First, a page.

Individuals with addictive disorders commonly exhibit a shortened temporal window (shortened period of time an individual can imagine into their own future), which interferes with treatment focusing on long-term sobriety or reductions in use. Episodic future thinking (EFT) involves generating personalized cues related to anticipated, positive future events. EFT has been shown to reduce impulsive decision-making and the reinforcing value of addictive substances; however, this has only been shown in nontreatment samples. The current study examined the feasibility and impact of a 1-week EFT protocol on decision-making and alcohol motivation in a sample of individuals receiving treatment for alcohol use disorder. We randomly assigned twenty-eight individuals currently enrolled in community-based alcohol use disorder treatment to either an EFT protocol or a control episodic recent thinking (ERT) protocol. Participants completed assessments of delay discounting, alcohol demand, craving, self-efficacy, consideration of consequences, and mindfulness at baseline, after 1 week of EFT practice, and at 1-week follow-up. We observed patterns of reductions in alcohol demand indices, delay discounting rates, and an increase in mindfulness after both acute (1 session) and extended (4 sessions) exposure to EFT. These proof-of-concept findings lay the foundation for a randomized controlled trial of EFT as a supplement to addictions treatment.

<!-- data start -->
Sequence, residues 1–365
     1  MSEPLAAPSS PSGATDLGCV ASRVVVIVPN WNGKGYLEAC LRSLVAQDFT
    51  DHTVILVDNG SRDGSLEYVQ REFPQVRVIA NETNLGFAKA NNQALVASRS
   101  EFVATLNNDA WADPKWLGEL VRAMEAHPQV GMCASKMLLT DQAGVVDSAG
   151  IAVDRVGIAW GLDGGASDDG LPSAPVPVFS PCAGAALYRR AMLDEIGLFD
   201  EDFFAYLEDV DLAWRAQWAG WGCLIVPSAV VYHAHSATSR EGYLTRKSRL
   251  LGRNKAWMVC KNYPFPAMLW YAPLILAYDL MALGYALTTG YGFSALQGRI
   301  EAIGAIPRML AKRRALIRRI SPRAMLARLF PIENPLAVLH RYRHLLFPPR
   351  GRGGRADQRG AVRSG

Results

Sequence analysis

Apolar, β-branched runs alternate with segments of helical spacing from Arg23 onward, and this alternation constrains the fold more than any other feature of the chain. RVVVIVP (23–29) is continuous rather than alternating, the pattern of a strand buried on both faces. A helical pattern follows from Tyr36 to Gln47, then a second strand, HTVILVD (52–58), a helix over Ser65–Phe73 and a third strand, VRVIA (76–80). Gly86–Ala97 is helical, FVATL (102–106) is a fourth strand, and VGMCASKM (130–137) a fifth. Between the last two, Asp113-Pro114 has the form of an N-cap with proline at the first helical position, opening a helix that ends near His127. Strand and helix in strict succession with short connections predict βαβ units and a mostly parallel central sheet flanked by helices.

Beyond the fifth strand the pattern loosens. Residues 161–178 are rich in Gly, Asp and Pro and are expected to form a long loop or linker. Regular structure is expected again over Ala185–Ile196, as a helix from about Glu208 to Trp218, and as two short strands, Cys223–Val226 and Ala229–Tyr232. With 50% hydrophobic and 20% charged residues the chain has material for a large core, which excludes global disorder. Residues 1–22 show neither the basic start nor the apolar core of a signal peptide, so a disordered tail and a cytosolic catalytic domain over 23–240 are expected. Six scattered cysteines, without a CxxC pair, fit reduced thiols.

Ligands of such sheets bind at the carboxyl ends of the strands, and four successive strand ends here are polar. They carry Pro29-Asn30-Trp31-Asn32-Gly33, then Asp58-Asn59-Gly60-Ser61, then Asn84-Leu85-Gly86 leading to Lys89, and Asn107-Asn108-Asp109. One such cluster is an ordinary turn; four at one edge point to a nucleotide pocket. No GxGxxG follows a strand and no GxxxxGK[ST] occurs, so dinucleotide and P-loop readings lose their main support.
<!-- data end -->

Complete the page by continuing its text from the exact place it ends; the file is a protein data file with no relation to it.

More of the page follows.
Keywords: Alcohol use disorder; Episodic future thinking; Episodic recent thinking; Treatment seeking.
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